Mayor Greg Ballard today announced major new education initiatives aimed in part at combating an upswing in violence in Indianapolis, most notably a $50 million, five-year public-private effort to expand preschool for poor children.
For a more than a decade, early learning advocates in Indianapolis who argued that more and better quality preschool could dramatically help kids start kindergarten more prepared to learn were deeply frustrated.
The Indianapolis Public School Board will consider expanding its fledgling preschool program to add 200 spots for four year olds by establishing 10 more preschool classes in seven schools at its Tuesday meeting.
Ena Shelley, Butler University’s education dean and a national expert in early childhood education, started out 2014 cautiously optimistic about the chances of establishing state-paid tuition aid for low income preschoolers in Indiana for the first time.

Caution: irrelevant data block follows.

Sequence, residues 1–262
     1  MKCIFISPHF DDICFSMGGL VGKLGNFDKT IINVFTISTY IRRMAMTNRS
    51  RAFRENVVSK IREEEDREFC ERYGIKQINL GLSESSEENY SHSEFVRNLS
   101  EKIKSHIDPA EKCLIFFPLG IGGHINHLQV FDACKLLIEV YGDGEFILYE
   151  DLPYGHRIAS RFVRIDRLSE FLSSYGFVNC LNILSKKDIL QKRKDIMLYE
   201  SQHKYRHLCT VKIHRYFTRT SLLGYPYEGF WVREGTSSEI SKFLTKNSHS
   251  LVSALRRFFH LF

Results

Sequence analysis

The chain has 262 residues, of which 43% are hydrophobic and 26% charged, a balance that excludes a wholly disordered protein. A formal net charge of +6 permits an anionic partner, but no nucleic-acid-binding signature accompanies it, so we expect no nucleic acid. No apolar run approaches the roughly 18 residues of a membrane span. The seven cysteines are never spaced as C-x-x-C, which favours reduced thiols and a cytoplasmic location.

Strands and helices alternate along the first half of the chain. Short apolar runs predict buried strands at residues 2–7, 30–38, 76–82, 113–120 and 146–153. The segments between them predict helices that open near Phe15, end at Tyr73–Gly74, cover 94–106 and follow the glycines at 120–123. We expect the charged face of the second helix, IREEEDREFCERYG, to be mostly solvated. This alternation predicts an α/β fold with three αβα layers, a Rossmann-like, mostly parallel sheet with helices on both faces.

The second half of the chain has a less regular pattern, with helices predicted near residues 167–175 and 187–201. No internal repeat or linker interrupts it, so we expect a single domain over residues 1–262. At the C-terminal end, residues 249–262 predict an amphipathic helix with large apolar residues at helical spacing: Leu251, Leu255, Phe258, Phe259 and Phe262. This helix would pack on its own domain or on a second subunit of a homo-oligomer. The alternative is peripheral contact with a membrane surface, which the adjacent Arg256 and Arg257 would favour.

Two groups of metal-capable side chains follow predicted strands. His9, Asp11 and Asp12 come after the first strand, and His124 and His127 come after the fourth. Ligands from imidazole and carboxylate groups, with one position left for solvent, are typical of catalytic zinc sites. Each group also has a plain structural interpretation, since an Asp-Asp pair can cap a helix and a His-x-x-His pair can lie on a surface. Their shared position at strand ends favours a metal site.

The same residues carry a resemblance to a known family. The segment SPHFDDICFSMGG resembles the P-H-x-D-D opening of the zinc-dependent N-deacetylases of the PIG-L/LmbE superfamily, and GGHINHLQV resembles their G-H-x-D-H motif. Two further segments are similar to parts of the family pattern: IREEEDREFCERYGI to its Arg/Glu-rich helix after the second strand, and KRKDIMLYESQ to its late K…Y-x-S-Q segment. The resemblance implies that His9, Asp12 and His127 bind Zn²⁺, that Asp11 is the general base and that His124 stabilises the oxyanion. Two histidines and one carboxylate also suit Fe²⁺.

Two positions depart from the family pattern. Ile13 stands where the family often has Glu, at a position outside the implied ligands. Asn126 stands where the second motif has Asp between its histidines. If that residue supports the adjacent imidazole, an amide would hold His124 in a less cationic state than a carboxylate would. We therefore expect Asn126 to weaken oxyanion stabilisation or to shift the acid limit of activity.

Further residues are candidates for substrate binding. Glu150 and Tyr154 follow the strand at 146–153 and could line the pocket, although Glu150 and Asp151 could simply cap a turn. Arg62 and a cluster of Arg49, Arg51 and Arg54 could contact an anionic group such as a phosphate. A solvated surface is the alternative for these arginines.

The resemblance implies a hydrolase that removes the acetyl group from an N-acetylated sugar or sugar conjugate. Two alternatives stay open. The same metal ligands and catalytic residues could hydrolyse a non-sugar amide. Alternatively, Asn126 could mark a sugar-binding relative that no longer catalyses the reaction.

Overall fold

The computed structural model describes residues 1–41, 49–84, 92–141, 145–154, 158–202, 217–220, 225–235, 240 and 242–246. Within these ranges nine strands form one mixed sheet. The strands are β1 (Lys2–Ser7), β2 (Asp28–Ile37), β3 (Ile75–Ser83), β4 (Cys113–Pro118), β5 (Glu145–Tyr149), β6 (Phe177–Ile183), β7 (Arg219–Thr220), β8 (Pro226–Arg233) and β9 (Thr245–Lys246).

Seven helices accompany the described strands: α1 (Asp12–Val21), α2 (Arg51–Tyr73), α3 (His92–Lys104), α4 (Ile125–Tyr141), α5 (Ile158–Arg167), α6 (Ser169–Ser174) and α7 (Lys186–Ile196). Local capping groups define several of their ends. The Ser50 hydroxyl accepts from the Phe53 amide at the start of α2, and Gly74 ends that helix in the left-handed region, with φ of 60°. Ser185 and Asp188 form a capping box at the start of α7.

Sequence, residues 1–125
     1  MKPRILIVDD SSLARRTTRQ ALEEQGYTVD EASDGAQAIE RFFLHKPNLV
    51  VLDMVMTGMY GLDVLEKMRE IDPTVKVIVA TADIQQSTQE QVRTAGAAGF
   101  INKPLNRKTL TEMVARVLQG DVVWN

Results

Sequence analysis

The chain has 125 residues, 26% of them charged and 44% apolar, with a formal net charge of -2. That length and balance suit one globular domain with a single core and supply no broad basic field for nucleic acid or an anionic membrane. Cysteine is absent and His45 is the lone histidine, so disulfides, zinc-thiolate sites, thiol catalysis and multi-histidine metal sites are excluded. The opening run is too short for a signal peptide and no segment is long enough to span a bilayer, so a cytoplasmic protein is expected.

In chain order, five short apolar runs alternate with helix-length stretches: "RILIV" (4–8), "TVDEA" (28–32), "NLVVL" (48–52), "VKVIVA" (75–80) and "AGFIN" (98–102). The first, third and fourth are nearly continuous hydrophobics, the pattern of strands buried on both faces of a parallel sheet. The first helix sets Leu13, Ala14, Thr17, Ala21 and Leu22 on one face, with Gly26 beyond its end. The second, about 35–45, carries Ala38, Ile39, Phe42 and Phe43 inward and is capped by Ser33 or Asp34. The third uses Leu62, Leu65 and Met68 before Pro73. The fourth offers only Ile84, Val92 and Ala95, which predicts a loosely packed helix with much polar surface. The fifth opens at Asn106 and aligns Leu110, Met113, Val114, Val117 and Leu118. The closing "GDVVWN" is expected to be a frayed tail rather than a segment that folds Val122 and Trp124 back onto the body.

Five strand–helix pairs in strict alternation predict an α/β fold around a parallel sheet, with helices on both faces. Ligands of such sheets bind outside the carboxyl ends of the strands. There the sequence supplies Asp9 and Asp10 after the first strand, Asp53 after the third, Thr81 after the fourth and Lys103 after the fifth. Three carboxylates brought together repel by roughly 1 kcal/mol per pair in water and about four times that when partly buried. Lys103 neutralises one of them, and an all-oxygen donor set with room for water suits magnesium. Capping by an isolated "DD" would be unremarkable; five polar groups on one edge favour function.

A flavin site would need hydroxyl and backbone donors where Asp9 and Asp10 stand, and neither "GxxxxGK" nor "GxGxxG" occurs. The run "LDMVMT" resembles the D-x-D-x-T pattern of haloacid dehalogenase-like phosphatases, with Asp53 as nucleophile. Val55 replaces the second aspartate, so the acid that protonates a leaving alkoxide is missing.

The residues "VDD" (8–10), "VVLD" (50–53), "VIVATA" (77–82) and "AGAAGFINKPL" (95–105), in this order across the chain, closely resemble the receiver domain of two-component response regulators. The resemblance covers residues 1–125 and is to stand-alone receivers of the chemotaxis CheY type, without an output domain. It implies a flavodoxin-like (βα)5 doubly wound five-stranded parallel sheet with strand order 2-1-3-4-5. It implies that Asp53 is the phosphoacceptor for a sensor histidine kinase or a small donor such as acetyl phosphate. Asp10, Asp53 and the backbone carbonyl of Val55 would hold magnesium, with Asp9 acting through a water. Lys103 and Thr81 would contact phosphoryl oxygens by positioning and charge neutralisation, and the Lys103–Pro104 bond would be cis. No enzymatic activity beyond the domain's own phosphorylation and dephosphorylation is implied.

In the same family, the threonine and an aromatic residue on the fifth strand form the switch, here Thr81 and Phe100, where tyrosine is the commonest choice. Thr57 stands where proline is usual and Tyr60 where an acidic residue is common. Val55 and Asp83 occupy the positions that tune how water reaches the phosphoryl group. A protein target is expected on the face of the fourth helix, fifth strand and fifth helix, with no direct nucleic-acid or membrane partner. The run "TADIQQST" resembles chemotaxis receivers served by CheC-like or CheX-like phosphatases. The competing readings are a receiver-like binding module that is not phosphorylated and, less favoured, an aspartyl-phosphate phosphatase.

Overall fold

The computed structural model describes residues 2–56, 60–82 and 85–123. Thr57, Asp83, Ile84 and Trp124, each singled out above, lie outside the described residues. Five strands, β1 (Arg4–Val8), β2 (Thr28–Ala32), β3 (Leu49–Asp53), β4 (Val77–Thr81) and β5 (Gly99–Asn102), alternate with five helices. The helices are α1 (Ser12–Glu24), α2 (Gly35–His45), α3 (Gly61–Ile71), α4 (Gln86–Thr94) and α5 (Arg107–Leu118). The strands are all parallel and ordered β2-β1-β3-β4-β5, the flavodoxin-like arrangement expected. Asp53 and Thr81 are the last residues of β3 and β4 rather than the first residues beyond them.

In 2011, Indiana’s then-Gov. Mitch Daniels made education a major focus of his legislative agenda, unveiling four major bills that tackled many education hot buttons — teachers, unions, charter schools, and vouchers. But, as advocates quickly pointed out, Daniels had overlooked another favored policy: early childhood education.
Indiana State Superintendent Glenda Ritz said schools might not have to make up all the days they’ve missed because of poor weather if they can present a workable plan to make the time up by adding to the school day or even by having students make up work online.